PROSITE documentation PDOC00158
Phosphoglycerate mutase family phosphohistidine signature


Phosphoglycerate mutase (EC (PGAM) and bisphosphoglycerate mutase (EC (BPGM) are structurally related enzymes which catalyze reactions involving the transfer of phospho groups between the three carbon atoms of phosphoglycerate [1,2]. Both enzymes can catalyze three different reactions, although in different proportions:

  • The isomerization of 2-phosphoglycerate (2-PGA) to 3-phosphoglycerate (3- PGA) with 2,3-diphosphoglycerate (2,3-DPG) as the primer of the reaction.
  • The synthesis of 2,3-DPG from 1,3-DPG with 3-PGA as a primer.
  • The degradation of 2,3-DPG to 3-PGA (phosphatase EC activity).

In mammals, PGAM is a dimeric protein. There are two isoforms of PGAM: the M (muscle) and B (brain) forms. In yeast, PGAM is a tetrameric protein. BPGM is a dimeric protein and is found mainly in erythrocytes where it plays a major role in regulating hemoglobin oxygen affinity as a consequence of controlling 2,3-DPG concentration.

The catalytic mechanism of both PGAM and BPGM involves the formation of a phosphohistidine intermediate [3].

The bifunctional enzyme 6-phosphofructo-2-kinase / fructose-2,6-bisphosphatase (EC and EC (PF2K) [4] catalyzes both the synthesis and the degradation of fructose-2,6-bisphosphate. PF2K is an important enzyme in the regulation of hepatic carbohydrate metabolism. Like PGAM/BPGM, the fructose-2,6-bisphosphatase reaction involves a phosphohistidine intermediate and the phosphatase domain of PF2K is structurally related to PGAM/BPGM.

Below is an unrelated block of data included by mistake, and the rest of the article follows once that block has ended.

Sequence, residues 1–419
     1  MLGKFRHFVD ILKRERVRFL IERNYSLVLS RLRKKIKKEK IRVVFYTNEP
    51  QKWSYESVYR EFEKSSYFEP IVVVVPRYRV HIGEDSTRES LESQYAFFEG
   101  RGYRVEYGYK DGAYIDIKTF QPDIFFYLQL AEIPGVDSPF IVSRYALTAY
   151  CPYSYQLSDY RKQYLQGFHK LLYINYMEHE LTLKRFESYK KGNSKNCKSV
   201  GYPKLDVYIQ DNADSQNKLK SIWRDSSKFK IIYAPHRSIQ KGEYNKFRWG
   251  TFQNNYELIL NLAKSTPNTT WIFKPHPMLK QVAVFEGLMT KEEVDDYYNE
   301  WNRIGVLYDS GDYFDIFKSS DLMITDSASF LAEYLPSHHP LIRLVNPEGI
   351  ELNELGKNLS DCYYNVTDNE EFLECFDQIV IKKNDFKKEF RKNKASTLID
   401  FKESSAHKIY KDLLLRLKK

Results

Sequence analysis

The bacterial enzyme α-ribazole-5'-phosphate phosphatase (gene cobC) which is involved in cobalamin biosynthesis also belongs to this family [5].

We built a signature pattern around the phosphohistidine residue.


Some organisms harbor a form of PGAM independent of 2,3-DPG, this enzyme is not related to the family described above [6].

Last update:

December 2004 / Pattern and text revised.


Technical section

PROSITE method (with tools and information) covered by this documentation:

PG_MUTASE, PS00175; Phosphoglycerate mutase family phosphohistidine signature  (PATTERN)


1AuthorsLe Boulch P. Joulin V. Garel M.-C. Rosa J. Cohen-Solal M.
SourceBiochem. Biophys. Res. Commun. 156:874-881(1988).

2AuthorsWhite M.F. Fothergill-Gilmore L.A.
TitleSequence of the gene encoding phosphoglycerate mutase from Saccharomyces cerevisiae.
SourceFEBS Lett. 229:383-387(1988).
PubMed ID2831102

3AuthorsRose Z.B.
SourceMethods Enzymol. 87:43-51(1982).

4AuthorsBazan J.F. Fletterick R.J. Pilkis S.J.
TitleEvolution of a bifunctional enzyme: 6-phosphofructo-2-kinase/fructose-2,6-bisphosphatase.
SourceProc. Natl. Acad. Sci. U.S.A. 86:9642-9646(1989).
PubMed ID2557623

5AuthorsO'Toole G.A. Trzebiatowski J.R. Escalante-Semerena J.C.
SourceJ. Biol. Chem. 269:26503-26511(1994).

6AuthorsGrana X. de Lecea L. el-Maghrabi M.R. Urena J.M. Caellas C. Carreras J. Puigdomenech P. Pilkis S.J. Climent F.
TitleCloning and sequencing of a cDNA encoding 2,3-bisphosphoglycerate-independent phosphoglycerate mutase from maize. Possible relationship to the alkaline phosphatase family.
SourceJ. Biol. Chem. 267:12797-12803(1992).
PubMed ID1535626

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